Mazetti Ingredients: 3 lb. lean ground beef 1 – 5.5 oz. tin tomato paste (156 ml) 1 lb. sausage 1 or 2 tins sliced mushrooms 4 cup chopped onion ¼ bottle Italian seasoning 1 – 28 oz. tin diced tomatoes (796 ml) 1 pkg broad egg noodles 1 – 22 oz. tin tomato sauce (680 ml) Shredded cheddar cheese to cover

Brown onions and set aside. Brown meat and drain fat. Cook noodles and drain. Mix meat and onions with everything except cheese. Place in large casserole (or two smaller ones), cover with shredded cheese. Bake at 325ºF covered, 1 hour. Uncover and bake another 15 minutes. Freezes well, without cheese. – Maureen Beechinor Maple Ridge member of Westcoast Harmony Chorus

Tuesday, December 4, 2012 | Maple Ridge-Pitt Meadows Times

Family Christmas RECIPE

Writer fails at baking exchanges Maple shortbread cookies

Kathy Booth, a goodintentioned Christmas baker, showed off her maple shortbread cookies.

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Ingredients: 1 cup butter 1 egg yolk ½ cup pure maple sugar 2 cups unbleached flour Place oven racks in the middle of the oven. Preheat oven to 350ºF. Cream softened butter. Stir in the maple sugar and egg yolk. Add flour, a little at a time, stirring until the mixture is too stiff to work with a spoon. Turn out onto a floured surface and gently knead, adding a little flour at a time, just until dough begins to crack at the edges. Gently flatten the dough and then roll it out to ¼ inch with a rolling pin. Cut into shapes and place on a cookie sheet. Sprinkle a little maple sugar on top of each cookie. Bake 10 minutes or until delicately golden at edges. Some hints: The number of cookies depends on the size and shape of the cookie cutters. The cookies are more melt-in-the-mouth if the dough is handled lightly. Use coconut sugar instead of maple for a more exotic flavour. –Kathy Booth TIMES columnist

athy Booth is a “good intentions” Christmas baker… with bad time management skills. “Every year, as Christmas approaches, I head to the market and lovingly purchase the finest ingredients with which to bake all sorts of traditional Christmas goodies – mince tarts, Turkish delight, Christmas fruit cake, ruiskis,” explained Booth. This kind of baking never happens, admitted the author of Early Start, a monthly early childhood education column in The TIMES. “The nuts and dried fruit, the mince, the extra butter, walnut paste, and whipping cream remain tucked in the fridge.” Needless to say, she fails miserably at participating in Christmas baking exchanges. “The ‘ooh, I really want to do some Christmas baking’ urge comes from fond memories of childhood, when my mom baked enough mince tarts, Turkish delight, and shortbread cookies for us six kids and anyone else who might stop by,” Booth recalled. “I don’t know how she did it all. At the time, the lowly shortbread cookie was on my long list of things not worth eating. In my childish opinion, there was nothing remotely interesting about them.” Her appreciation for the simple shortbread cookie has grown in direct contrast to her ability to complete any other type of Christmas baking. The recipe, originally gleaned from a decades old copy of A Guide to Good Cooking by Five Roses Flour, is so simple and quickly made, even she’s convinced she can get it baked in time for Christmas. Over the years, she has played with the ingredients. “It adapts well,” she said, noting that the original recipe calls for icing sugar and ¼ teaspoon of fresh ground nutmeg. She uses maple sugar instead for what she called a distinctly Canadian flavour. “These are also a great cookie to bake with kids,” Booth said. “Wishing you Merry Christmas and bon appetit!”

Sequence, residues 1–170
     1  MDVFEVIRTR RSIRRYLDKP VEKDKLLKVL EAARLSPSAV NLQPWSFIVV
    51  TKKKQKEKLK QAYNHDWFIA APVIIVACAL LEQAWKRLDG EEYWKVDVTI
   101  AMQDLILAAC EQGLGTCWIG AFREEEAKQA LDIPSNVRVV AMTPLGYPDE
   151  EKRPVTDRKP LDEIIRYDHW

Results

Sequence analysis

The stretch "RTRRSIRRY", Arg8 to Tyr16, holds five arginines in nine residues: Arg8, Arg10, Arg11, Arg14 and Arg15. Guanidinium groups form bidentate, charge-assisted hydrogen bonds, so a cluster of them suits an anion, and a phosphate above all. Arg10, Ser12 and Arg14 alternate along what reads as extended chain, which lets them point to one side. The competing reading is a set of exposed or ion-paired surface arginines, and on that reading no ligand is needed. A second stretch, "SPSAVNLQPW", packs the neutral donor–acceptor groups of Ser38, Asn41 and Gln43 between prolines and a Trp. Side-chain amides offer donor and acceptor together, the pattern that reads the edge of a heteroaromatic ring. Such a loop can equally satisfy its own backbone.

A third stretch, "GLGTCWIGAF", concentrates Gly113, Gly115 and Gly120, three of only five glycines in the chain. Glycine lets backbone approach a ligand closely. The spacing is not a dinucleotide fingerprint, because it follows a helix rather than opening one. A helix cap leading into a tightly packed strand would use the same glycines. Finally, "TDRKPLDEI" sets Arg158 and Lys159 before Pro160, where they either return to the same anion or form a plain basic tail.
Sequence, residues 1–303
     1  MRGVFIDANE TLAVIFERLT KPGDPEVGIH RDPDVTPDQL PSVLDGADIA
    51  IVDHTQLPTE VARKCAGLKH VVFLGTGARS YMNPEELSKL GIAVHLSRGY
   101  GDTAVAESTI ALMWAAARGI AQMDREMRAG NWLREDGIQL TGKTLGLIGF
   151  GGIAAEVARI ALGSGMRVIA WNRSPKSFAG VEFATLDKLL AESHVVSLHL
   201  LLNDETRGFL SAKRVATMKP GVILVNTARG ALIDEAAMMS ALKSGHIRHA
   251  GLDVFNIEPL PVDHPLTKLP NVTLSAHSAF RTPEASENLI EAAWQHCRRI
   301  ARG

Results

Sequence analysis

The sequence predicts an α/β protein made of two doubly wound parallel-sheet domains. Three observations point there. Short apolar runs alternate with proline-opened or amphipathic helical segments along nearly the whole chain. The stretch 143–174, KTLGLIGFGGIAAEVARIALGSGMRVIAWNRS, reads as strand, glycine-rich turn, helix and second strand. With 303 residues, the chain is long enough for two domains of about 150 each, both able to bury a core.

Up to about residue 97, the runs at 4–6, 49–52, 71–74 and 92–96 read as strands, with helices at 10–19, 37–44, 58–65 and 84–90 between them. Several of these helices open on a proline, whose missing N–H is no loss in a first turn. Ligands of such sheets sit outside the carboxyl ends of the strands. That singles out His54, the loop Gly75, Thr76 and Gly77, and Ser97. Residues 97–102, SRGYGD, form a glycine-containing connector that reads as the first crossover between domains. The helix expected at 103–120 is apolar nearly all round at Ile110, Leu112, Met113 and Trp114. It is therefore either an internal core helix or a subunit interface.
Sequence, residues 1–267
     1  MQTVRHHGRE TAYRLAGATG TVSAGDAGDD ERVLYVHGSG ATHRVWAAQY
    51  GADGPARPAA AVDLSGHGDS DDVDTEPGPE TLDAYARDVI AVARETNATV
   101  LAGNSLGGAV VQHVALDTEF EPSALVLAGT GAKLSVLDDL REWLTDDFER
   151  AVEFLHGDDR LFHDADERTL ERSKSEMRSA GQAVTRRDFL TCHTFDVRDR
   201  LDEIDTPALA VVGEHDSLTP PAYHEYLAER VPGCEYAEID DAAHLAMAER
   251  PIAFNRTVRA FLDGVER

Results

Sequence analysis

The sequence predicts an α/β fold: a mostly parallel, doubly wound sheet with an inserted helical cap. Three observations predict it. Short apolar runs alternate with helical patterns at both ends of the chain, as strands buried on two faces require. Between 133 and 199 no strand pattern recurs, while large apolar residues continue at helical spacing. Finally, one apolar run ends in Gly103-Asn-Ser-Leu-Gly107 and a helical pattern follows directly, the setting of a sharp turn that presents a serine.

Tuesday, December 4, 2012 | Maple Ridge-Pitt Meadows Times

Family Christmas RECIPE

Biscuits and liqueur offer Italian flare to the season

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ne of Chef Dez’s preferred holiday treats is Italian polenta buns. “These are not actually buns, per say, but more like biscuits, as they are essentially classified as a quick bread, not yeast raised,” The TIMES On Cooking columnist explained. “Polenta is basically cooked cornmeal, so these buns are designed to reflect a sweet version of polenta in a biscuit form. The addition of grappa soaked raisins are a wonderful addition in taste, but also add a complementing visual and texture aspect,” he said. He always has a small amount of grappa to sip when having them. “Grappa is an acquired taste that has more cynics than lovers, as I have even heard rumours of some cafes in Italy actually use grappa to clean their windows,” said Chef Dez. “My honest advice to you is to try it, but be prepared to hate it. Rum can easily be substituted for the grappa if you prefer.”